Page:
There are a couple of interesting statements on long term energy developments:
They, the hydrocarbon companies, are in turn protecting the value of their huge current and future reserves in the ground, which often represent all of their market value.
This is the central issue. If hydrocarbon companies protect the value of their reserves in the ground by delaying renewable energy, large forces will try to do exactly that.
If, in contrast, these resources increase in value by selling less, those forces will work in the other direction.
Again, under basic market theory, selling less will lead to higher prices. And higher prices should lead to higher evaluations of reserves.
I assume Jeremy Graham knows a lot about these issues. Therefore, his assertion that “reserves in the ground often represent all of their market value” is probably correct.
That, in turn, means that this central issue becomes even more important. It should receive some more attention.
Then there is this point on China and renewable energy:
My colleagues worry that the Chinese save and invest too much, approximately half of all their income, a level never before reached in history. (…) But for undertaking a completely renewable energy system, what a set-up! If the Chinese feel they must maintain a 50% capital spending ratio (or at least come down gracefully to avoid an outright depression), there are few projects big enough to both absorb the giant quantities of money available and have a good return on investment at the societal level in the long term. Building a renewable energy system achieves both aims.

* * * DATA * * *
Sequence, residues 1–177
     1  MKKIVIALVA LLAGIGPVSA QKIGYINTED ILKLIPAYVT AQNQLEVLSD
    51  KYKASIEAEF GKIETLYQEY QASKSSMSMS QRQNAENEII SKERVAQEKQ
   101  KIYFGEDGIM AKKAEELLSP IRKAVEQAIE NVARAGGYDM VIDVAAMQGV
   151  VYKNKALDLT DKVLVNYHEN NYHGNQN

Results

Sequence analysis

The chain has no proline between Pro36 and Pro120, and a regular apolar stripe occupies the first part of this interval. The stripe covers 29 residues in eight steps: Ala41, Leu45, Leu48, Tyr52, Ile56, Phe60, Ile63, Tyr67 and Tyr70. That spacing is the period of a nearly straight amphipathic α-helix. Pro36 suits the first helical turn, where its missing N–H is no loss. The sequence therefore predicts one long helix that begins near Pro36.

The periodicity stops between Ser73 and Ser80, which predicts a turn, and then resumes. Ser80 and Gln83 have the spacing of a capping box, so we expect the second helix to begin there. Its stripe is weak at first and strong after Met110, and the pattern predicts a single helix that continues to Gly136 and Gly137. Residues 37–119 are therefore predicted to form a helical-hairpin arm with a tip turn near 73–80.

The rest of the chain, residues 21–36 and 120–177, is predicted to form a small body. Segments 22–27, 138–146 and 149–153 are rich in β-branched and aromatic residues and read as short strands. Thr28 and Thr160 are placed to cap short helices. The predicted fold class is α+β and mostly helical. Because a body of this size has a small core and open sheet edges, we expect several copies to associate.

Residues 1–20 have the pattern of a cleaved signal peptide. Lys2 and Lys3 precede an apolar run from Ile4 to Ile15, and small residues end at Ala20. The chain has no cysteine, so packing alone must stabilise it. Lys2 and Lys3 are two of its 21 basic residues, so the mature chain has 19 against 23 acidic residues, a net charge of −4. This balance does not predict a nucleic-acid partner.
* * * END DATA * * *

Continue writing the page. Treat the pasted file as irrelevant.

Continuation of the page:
China would profit the most from a large source of renewable energy in the Gobi desert. They would also be in a position to contribute some of the funds.
And on the costs of solar:
Solar costs have unexpectedly crashed in the last three years, down by over two-thirds, and finally today, in ideal conditions (even without coal carrying its full environmental costs), solar is competitive. In a happy variant of Moore’s Law, solar costs, driven by scale and engineering as much as new technology, will continue rapidly downwards.
“Crashed” feels about right, and down by two-thirds in three years is rather remarkable.
And, in the “summary”, on the long-term strategic importance of renewable energy:
14. On paper, though, the energy problem can be relatively easily addressed through very large investments in renewables and smart grids. Those countries that do this will, in several decades, eventually emerge with large advantages in lower marginal costs and in energy security. Most countries including the U.S. will not muster the political will to overcome inertia, wishful thinking, and the enormous political power of the energy interests to embark on these expensive programs. They risk being left behind in competiveness.
In the long term, having a large percentage of renewable energy in the mix means having a large percentage of free and domestically produced energy. The first aspect means low costs, the second security. Both aspects are important and will get ever more important with rising costs of hydrocarbons.
But this is written only from the perspective of industrialized countries, like Germany (which has both the most solar capacity and the best export record of the World right now).
There is also a race on for the countries who will export most of the renewable energy in a couple of decades. As anyone looking at Near East oil money will easily understand, exporting energy is a lucrative business. Those countries that get up their large-scale renewable energy projects first may have an edge in delivering the surplus to countries that were less alert.